A ceremony in memory of the aircrew at NSF's Amundsen-Scott South Pole Station.Blaise Kuo Tiong, NSF
A memorial ceremony for the aircrew at NSF's Amundsen-Scott South Pole Station.Blaise Kuo Tiong, NSF
A Twin Otter aircraft at NSF's Amundsen-Scott South Pole Station is shown in a 2006 photograph.Spencer Klein, NSF
Three Canadians were killed in Antarctica after their plane crashed last week into the freezing cold and hurricane force winds of the icy continent, the National Science Foundation confirmed Monday.
“On behalf of the U.S. National Science Foundation and all in the U.S. Antarctic Program, I wish to extend our profound sympathies to the families, friends, and colleagues of the three Kenn Borek Twin Otter crew, whose deaths in Antarctica while en route to support the Italian national Antarctic science program have recently been confirmed,” said Kelly K. Falkner, director of NSF's Division of Polar Programs, in a statement.
'Their contributions make possible hard won but vital advances in scientific knowledge that serve all of mankind.'
- Kelly K. Falkner, director of NSF's Division of Polar Programs
Officials with the U.S. Antarctic Program (USAP) and Antarctica New Zealand decided to recall their search-and-rescue teams from the crash site Monday, saying it would be unsafe to disturb wreckage that is largely embedded in snow and ice on a steep mountain slope. The coming Antarctic winter and the generally poor weather conditions -- winds of up to 104 miles per hour blew through on Thursday and Friday -- made the rescue effort impossible.
“In many ways, their contributions make possible hard won but vital advances in scientific knowledge that serve all of mankind. Although everyone associated with the pursuit of science in Antarctica makes personal sacrifices to do so, very infrequently and sadly, some make the ultimate sacrifice,” Falkner said.
The propeller-driven Twin Otter was flying from a U.S. station near the pole to an Italian research base in Terra Nova Bay. Rescuers believe it crashed in the Queen Alexandra mountain range at an elevation of about 13,000 feet.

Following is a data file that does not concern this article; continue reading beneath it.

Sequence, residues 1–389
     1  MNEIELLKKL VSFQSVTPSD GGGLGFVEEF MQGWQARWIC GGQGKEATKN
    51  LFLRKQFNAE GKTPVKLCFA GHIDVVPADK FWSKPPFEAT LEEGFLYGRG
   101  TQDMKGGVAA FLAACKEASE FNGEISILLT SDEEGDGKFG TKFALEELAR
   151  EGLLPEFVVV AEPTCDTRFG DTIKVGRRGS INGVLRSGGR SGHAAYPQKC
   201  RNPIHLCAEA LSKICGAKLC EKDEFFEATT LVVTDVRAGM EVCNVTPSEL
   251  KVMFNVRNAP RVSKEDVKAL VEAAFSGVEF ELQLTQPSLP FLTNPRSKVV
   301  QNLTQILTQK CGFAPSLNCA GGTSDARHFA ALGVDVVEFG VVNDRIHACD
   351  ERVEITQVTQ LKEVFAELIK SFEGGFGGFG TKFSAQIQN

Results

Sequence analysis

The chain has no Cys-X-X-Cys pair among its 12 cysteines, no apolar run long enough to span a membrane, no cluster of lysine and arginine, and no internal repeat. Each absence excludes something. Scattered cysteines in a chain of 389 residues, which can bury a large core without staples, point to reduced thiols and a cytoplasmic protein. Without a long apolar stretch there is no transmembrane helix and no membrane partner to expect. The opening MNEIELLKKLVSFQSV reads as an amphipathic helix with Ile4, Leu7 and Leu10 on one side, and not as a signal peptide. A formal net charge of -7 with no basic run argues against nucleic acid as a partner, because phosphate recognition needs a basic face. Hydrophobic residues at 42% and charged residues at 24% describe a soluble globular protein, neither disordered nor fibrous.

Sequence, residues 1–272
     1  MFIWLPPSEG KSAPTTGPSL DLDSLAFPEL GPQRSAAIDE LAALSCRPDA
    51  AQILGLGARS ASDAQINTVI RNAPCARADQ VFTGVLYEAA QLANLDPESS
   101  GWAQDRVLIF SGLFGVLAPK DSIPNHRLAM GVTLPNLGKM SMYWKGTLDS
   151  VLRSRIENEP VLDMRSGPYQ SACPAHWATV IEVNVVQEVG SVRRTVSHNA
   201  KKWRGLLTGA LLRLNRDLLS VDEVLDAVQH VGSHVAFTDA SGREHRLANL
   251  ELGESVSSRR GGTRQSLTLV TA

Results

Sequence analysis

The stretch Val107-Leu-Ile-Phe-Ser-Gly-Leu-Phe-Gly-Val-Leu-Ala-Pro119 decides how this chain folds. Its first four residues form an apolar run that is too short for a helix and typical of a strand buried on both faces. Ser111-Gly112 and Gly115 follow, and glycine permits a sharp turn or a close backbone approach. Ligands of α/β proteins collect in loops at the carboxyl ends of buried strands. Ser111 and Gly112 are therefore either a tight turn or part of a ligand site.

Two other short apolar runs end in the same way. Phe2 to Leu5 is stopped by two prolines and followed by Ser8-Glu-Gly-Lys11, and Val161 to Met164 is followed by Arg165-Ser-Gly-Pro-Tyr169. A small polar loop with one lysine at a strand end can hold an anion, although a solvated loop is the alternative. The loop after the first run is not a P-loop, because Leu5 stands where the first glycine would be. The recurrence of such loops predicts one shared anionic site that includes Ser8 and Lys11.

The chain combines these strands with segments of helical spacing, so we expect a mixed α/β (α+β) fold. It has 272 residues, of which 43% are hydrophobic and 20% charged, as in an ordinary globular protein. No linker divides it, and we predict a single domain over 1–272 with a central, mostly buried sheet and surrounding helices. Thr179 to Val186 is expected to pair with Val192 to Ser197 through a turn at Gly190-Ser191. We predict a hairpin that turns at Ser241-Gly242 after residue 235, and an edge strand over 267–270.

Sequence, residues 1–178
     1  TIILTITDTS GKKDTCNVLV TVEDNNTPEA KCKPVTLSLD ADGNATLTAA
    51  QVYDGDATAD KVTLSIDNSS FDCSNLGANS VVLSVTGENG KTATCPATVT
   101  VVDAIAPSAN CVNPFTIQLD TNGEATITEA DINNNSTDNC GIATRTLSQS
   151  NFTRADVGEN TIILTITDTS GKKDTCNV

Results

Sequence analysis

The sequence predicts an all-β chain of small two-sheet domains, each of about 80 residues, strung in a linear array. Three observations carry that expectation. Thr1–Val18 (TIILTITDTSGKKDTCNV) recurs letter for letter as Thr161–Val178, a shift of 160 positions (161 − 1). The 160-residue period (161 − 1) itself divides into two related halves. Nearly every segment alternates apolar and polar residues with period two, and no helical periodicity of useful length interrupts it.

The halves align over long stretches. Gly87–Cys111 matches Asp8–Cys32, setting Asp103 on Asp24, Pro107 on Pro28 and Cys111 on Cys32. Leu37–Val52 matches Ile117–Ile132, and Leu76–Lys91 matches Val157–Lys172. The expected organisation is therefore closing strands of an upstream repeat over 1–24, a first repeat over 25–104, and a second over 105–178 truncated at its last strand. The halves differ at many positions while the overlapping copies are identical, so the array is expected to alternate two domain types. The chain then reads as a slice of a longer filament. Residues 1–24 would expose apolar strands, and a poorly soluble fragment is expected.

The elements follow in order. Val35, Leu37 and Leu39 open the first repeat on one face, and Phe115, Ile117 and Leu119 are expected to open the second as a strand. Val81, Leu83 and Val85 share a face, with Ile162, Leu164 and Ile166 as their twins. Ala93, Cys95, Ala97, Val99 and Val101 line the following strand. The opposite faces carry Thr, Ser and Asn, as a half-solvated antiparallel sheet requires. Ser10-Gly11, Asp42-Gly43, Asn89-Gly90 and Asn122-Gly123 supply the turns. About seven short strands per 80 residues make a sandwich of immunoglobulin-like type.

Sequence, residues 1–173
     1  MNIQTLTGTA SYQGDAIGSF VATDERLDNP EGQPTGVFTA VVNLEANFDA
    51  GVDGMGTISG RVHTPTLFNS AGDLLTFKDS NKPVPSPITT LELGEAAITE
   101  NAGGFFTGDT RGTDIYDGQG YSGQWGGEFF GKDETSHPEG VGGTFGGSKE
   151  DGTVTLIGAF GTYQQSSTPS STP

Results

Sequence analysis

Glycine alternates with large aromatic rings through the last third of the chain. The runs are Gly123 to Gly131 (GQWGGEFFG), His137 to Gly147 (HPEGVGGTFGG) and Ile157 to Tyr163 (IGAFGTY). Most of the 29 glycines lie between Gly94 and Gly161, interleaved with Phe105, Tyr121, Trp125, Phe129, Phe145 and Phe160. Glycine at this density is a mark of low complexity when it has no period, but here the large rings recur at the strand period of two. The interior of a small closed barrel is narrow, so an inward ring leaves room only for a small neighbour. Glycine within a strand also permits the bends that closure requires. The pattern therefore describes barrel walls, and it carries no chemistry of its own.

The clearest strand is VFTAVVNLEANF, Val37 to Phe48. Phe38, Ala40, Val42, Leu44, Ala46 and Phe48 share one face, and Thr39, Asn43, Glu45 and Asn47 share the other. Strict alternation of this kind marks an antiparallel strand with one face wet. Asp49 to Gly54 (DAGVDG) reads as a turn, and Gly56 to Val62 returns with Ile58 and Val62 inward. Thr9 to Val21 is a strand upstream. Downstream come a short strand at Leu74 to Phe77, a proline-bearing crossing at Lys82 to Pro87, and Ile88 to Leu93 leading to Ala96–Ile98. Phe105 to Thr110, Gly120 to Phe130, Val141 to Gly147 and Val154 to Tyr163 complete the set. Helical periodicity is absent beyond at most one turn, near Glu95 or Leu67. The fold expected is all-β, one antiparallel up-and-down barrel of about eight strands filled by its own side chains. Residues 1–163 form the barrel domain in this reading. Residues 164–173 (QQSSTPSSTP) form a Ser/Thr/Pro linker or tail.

The plane’s emergency locator started transmitting late Wednesday about 420 miles north of the South Pole, but the weather has prevented search planes overhead from seeing the presumed crash site itself.
One man on the plane was identified as Bob Heath from the Northwest Territories, an experienced pilot in both the Antarctic and Arctic. Rescuers say the other two men were also part of the flight crew and that no passengers were aboard.
The plane was owned and operated by Kenn Borek Air Ltd., a Calgary firm that charters aircraft to the U.S. Antarctic program.
Antarctica has no permanent residents, but several thousand people live there in the Southern Hemisphere summer as a number of countries send scientists and other staff to research stations. The U.S. runs the largest program, with about 850 staff at its McMurdo Station and another 200 at its Amundsen-Scott South Pole Station, where the Canadians' flight originated.
Elsewhere in Antarctica, a team of U.S. scientists announced Sunday night that they had successfully drilled half a mile through the ice covering Lake Whillans, a subglacial expanse of water hidden deep beneath the Antarctic ice sheet.
News wires contributed to this report.